Friday Follies: Riddles, 1916

In the 1916 Campanile there’s a page of riddles, asking the reader to figure out which professor is described. Some of them are easy even now but more are incomprehensible even to me. Then I found the answers!

They were in Ray Watkin Hoagland Strange‘s stuff–that’s her handwriting–and she would have known the answers because she knew the guys. Almost all of them have been discussed here at one time or another.

Bonus: I call this one “Three Red Papers and a Cat.”

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A Periodic Reminder

I’m getting ready to take a couple of weeks off in July and it got me thinking about last summer’s ill fated vacation. As I’m sure you all remember before I got sick I made it as far as the archives at the University of Wyoming where I checked out the papers of Jack Glenn ’26.

Looking though the things I found there I came across an image I’d forgotten about, a big football pep rally downtown. I attach it here to remind everyone that there’s a “s” on the end:

I don’t know when this was taken but we lost to A&M three out of the four years Glenn was at Rice. We did take one from them in 1923, winning 7-6.

Bonus: Camp time!

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Modern Homes Tour, 1957: Part 2

There was so much good commentary about the architecture and especially the sculpture in last week’s post about Anderson Todd’s photos from the tour of modern homes that I was inspired to go back for another look at the slides. There are quite a few interior shots and I can’t tell precisely how many different houses he took pictures of. Here are a couple of kitchens, both very Space Age:

And a great bathroom:

A hallway that looks unexceptional to me, but which clearly caught his vastly more educated eye:

And outside, lo and behold, another sculpture:

Bonus: I had a fantastic time on my visit to the Library Service Center today!

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“We won’t allow the future to outpace us.”

Believe it or not, I found this ad for Celanese on ebay when I searched for “Rice Institute.” It took me a minute to see why it came up:

I don’t know the date, the magazine, or anything else but I find the combination of Magritte and Celanese enchanting.

Incidentally, Celanese has a pretty good historical timeline that might appeal to those of you who like this sort of thing. They’ve been into a lot of stuff over the years. It’s at this link.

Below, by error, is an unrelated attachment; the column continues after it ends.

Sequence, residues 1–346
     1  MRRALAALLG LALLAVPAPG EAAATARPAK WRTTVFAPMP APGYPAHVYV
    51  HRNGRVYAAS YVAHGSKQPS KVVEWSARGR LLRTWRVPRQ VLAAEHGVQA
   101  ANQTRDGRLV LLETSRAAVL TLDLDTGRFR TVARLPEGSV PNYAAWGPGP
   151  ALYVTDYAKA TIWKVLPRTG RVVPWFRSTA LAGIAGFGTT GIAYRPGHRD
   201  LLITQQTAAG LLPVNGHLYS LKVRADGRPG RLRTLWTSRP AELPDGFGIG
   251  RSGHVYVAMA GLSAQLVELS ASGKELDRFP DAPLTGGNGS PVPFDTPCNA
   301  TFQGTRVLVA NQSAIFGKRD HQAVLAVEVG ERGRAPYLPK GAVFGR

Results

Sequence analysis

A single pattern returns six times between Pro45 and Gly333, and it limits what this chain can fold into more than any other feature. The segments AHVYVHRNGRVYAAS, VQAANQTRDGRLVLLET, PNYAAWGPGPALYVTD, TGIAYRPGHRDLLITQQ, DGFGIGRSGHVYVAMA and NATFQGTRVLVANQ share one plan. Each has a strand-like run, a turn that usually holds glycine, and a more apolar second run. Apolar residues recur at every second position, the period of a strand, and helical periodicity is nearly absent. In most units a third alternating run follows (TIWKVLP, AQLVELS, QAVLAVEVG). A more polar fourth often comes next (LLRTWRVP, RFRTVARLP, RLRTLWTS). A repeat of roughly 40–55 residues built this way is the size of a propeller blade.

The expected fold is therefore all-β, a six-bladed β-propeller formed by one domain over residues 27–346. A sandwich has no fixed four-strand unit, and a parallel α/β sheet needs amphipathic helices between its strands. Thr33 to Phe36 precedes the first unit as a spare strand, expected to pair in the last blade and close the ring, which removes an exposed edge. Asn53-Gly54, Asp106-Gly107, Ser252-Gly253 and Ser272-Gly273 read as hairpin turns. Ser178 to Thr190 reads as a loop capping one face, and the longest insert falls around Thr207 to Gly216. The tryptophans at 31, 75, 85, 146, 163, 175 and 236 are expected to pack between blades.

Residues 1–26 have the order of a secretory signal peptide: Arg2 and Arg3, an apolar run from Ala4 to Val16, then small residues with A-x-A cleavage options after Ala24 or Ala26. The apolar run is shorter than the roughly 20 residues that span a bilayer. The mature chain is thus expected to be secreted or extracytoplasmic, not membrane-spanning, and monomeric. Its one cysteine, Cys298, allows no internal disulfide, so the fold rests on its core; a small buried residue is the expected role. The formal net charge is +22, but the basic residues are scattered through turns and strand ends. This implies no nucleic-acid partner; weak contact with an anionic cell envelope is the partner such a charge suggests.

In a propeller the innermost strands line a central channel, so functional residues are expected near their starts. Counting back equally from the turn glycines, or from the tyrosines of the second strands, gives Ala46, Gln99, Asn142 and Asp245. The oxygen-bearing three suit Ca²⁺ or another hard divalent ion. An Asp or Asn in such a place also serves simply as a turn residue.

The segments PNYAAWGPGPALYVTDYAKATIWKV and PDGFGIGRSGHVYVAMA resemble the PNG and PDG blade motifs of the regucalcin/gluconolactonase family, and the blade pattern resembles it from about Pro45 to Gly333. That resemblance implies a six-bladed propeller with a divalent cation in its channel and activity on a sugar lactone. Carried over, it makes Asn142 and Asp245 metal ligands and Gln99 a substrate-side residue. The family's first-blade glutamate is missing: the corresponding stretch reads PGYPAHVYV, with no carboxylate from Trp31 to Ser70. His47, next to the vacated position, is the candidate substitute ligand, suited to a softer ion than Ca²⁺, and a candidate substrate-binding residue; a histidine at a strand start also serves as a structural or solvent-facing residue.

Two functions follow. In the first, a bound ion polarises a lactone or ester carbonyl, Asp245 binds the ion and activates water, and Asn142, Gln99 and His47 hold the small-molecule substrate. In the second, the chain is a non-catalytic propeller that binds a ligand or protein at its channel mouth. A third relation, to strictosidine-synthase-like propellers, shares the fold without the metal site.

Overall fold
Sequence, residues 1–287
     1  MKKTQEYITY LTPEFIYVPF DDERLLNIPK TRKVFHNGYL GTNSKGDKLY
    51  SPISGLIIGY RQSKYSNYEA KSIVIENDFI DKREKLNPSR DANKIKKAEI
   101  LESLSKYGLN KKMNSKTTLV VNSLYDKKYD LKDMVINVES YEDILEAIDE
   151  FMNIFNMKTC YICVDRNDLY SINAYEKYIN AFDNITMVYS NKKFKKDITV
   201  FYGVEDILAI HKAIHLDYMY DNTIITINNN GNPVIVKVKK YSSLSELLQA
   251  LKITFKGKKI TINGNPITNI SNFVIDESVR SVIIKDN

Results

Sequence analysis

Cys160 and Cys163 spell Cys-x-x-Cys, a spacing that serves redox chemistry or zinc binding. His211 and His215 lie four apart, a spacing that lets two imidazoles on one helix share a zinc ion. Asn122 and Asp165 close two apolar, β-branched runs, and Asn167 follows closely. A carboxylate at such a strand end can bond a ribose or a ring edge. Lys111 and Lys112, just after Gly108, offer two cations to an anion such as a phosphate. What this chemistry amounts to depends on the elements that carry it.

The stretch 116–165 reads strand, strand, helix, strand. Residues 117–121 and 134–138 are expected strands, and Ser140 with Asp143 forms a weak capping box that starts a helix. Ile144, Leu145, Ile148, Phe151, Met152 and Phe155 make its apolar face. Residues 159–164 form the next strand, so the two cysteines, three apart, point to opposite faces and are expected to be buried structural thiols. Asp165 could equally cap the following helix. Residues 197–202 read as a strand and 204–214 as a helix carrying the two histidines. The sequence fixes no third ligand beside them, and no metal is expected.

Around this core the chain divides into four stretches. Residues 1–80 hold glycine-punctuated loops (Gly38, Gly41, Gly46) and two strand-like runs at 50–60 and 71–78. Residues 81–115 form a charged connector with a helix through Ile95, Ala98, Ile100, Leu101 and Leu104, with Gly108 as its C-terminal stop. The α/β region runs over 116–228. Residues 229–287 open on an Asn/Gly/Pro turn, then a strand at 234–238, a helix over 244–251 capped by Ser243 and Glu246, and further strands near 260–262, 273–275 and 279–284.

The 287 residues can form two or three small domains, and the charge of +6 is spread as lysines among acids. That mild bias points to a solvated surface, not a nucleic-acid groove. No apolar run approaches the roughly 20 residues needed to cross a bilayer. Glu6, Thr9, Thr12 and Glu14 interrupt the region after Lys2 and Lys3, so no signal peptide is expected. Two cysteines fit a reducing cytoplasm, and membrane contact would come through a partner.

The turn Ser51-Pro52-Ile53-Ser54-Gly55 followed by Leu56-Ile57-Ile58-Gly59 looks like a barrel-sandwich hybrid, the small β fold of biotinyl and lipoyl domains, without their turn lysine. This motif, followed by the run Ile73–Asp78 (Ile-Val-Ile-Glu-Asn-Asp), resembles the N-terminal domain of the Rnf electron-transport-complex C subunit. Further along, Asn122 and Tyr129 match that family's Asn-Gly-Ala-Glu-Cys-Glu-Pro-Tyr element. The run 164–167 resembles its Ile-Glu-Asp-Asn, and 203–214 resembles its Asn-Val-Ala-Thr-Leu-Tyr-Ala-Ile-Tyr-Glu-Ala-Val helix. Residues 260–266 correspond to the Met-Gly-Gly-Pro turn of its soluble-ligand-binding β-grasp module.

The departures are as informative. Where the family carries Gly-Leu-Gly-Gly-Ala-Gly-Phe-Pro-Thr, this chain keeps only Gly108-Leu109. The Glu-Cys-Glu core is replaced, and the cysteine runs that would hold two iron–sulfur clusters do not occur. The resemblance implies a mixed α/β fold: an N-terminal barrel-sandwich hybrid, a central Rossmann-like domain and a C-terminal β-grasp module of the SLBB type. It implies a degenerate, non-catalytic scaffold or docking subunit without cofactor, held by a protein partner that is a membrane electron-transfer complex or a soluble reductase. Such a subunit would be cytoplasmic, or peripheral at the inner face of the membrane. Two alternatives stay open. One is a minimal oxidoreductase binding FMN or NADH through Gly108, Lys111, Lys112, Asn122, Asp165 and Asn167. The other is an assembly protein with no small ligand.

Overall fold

Bonus: I’m out of town for a meeting today but several people sent pictures of a beautiful rainbow that appeared over campus this morning. The best one came from reader Kat Kosted, who took it from the 6th floor of the Cambridge Office Building. Thanks!

Also, I have a travel day tomorrow and might not be back here until Wednesday. Don’t panic.

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Friday Follies: Possible Solution to Basketball Transfer Epidemic

Circa 1980. He looks like he’s getting decent backspin on the shot. Sign him up, I say.

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Modern Home Tour, 1957

We had a researcher this week who used a couple of boxes from the papers of Rice architecture professor Anderson Todd. In one of those boxes I found two sheets of slides that Todd apparently took on a 1957 tour of new modern houses in Houston. They are delicious–beautiful people in interesting buildings, all photographed in gorgeous, saturated kodachrome. I know I’ve got a bunch of modern architecture fans out there who read this so I’ll show you a few. Nothing is identified so if you know what something is, tell me.

Bonus: She is so perfectly glamorous.

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“he evaded questions in his St. Charles hotel room,” 1938

I found a simply fabulous photo of Dr. Lovett the other day, one with what certainly appears to be a smile:

I know it was taken in New Orleans in June, 1938 because there was a clipping on the back about his visit to Tulane to give that year’s commencement speech. He’s a hard one to read but I do think that the first paragraph fits pretty well with my general impression of him:

I’m certain that we have a copy in the Woodson of the talk he gave that day and if I have a moment tomorrow I’ll go take a look at it.

Here’s a picture from the Times-Picayune the day after the ceremony, which I include because it shows Lovett with Tulane president Rufus Carrollton Harris, who I revere as one of the finest leaders of higher education in the history of the American South. If there were any justice in the world Tulane would be called the Rufus C. Harris Memorial University.

Bonus: Spotted on a campus white board.

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